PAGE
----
Share incentive schemes are an effective way of retaining employees in the short to medium term.
In the majority of share option schemes, employees are not allowed to exercise their option until they have been with the company for a minimum period of three years.
At present there are four types of approved share schemes. These are:
Share Incentive Plans (SIP)
Saving Related Share Option Scheme
Companies Share Option Plans (CSOP)
Enterprise Management Incentives (EMI) Schemes.
The approved shares have a tax and National Insurance Contribution (NIC) advantage. Providing that certain conditions are met the company will be able to award shares to its employees free of tax and NIC.
Typically a company will establish a UK resident trust and will transfer cash into that trust. Cash will then be used to acquire shares in the company.
There are four different ways in which an employee can receive shares under a SIP:
Free shares – an employer can award up to £3,000 worth of shares per annum to participating employees. Awards may be linked to performance, such as the performance of individuals, teams or divisions.
Partnership shares – an employee can buy up to £1,500 worth of partnership shares each year (or up to ten per cent of the income for the tax year if that is less). The shares are bought out of the salary before the deduction of tax and NIC.
Matching shares – an employer can ‘match’ up to two additional free shares for every one partnership share purchased by the employee.
Dividend shares – if an employee receives shares from free, partnership or matching shares the employee can reinvest up to £1,500 per annum of dividend in acquiring new shares.
Before operating the scheme the employer must first obtain HMRC approval. The conditions that have to be met in order to get HMRC approval are:
company must be quoted (any market) or not controlled by another company
the shares must be ordinary shares but the shares can have limited or no voting rights
the employees must be offered shares on similar terms
the scheme must be open to all employees (employee with less than 18 months' service can be excluded)
employees (together with their associates) must not have a ‘material interest’ in the company. Material interest means that they are not able to control more than 25% of the ordinary share capital.
As highlighted above, for all four types of approved share schemes above there is never a charge to income tax or NIC when the shares are awarded to the employees. The future charge, if any, is dependent on the time held as follows:
Free and matching shares – the employer can introduce a clause into the scheme rule to prohibit the withdrawal of the share within three years. If there is no such clause and the employee calls for the shares within three years there will be an income tax and NIC charge at the market value of the shares at the time they were withdrawn. If the shares are withdrawn between three and five years the income tax charge and NIC will be the lower of market value of the shares on allocation and the market value of the shares at the date of withdrawal. If the shares are withdrawn after more than five years there is no income tax or NIC charge at the date of withdrawal.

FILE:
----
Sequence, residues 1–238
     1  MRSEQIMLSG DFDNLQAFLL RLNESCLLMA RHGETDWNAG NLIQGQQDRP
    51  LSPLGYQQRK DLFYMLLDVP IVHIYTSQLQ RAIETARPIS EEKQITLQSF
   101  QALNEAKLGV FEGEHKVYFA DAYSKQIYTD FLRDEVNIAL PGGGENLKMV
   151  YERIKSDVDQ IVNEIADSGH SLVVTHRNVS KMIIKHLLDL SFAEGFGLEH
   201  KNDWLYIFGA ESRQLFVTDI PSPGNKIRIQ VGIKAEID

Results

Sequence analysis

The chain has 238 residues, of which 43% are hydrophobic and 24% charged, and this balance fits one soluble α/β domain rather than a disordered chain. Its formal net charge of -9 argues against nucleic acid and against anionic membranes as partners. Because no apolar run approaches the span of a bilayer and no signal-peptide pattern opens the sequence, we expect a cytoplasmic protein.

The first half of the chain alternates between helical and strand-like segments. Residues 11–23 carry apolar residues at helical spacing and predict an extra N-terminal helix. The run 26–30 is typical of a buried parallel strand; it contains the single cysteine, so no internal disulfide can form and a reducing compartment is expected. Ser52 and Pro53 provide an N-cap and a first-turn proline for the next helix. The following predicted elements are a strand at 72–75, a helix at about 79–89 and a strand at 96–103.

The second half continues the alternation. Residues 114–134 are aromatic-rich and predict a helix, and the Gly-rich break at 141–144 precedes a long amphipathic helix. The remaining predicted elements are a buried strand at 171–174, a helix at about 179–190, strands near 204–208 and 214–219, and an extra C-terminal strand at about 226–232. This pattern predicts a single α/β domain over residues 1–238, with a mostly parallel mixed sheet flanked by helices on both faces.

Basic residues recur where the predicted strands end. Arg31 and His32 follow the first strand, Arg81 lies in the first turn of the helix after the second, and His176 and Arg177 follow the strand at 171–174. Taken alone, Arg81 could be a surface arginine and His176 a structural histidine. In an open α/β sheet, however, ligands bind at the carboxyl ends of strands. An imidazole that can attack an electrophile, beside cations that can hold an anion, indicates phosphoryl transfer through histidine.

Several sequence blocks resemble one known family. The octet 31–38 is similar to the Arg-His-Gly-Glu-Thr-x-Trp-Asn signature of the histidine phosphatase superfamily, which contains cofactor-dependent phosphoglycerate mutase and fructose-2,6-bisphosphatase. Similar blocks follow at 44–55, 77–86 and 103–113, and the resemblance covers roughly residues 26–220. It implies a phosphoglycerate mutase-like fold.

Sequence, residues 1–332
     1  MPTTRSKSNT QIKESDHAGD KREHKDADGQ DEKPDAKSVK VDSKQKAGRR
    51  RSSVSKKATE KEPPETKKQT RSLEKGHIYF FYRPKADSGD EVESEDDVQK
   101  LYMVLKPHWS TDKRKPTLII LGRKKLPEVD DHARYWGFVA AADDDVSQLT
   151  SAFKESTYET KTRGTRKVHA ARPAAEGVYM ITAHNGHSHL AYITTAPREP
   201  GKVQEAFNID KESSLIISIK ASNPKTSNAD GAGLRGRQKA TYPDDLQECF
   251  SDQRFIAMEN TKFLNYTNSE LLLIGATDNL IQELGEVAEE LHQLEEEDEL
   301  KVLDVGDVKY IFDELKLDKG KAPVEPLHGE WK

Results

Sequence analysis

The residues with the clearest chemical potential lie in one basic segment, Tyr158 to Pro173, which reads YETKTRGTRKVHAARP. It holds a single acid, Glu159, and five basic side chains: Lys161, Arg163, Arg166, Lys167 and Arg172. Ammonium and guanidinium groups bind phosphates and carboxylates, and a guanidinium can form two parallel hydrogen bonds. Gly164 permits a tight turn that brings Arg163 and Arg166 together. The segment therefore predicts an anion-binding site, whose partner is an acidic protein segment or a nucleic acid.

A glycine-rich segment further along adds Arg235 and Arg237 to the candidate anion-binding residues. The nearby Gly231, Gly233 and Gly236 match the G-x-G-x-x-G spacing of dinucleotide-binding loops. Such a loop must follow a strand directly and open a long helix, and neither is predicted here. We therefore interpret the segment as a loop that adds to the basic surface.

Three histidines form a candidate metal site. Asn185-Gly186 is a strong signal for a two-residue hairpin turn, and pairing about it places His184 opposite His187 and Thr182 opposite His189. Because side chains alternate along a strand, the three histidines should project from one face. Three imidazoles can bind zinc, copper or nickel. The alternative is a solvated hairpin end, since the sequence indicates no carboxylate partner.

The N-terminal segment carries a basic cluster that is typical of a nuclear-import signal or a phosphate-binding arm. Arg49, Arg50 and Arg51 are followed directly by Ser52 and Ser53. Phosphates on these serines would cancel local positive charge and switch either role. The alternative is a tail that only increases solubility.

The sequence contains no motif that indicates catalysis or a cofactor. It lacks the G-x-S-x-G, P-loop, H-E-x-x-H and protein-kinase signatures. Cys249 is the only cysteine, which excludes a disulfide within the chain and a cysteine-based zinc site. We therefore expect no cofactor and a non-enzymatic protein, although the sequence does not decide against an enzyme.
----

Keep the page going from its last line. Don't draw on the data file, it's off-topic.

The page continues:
Partnership shares – unlike free and matching shares the employer cannot prohibit an employee withdrawing the shares from the plan. As with free and matching shares if the shares have been in the plan for less than three years there will be an income tax charge at market value of the shares at the date of withdrawal. If the shares have been in the plan between three and five years, the income tax will be the lower of the ‘salary sacrificed’ to purchase the share and the market value of the shares at the date of withdrawal. If the shares remain in the plan for at least five years, there is no tax or NIC charge at the date they are withdrawn.
Dividend shares – the dividends used to purchase the shares are tax free (the dividends used to purchase the share are omitted from income tax computation in the year in which they are received). The employer cannot prohibit an employee from withdrawing the share from the plan. If the dividend shares are withdrawn within three years, the dividend originally used to purchase the share becomes taxable in the year the shares are withdrawn. There is no income tax if the shares are withdrawn more than three years after purchase.
Capital Gain Tax (CGT) is charged on the difference between the sale proceeds and the value of the shares at the time of withdrawal. So the CGT can be avoided if the shares are sold as soon as they are removed from the trust.